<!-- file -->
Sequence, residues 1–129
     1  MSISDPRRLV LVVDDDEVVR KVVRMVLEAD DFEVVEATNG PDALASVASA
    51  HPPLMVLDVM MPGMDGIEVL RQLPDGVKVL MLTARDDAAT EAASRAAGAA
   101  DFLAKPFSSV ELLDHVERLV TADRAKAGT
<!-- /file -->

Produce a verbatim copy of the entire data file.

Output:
Sequence, residues 1–129
     1  MSISDPRRLV LVVDDDEVVR KVVRMVLEAD DFEVVEATNG PDALASVASA
    51  HPPLMVLDVM MPGMDGIEVL RQLPDGVKVL MLTARDDAAT EAASRAAGAA
   101  DFLAKPFSSV ELLDHVERLV TADRAKAGT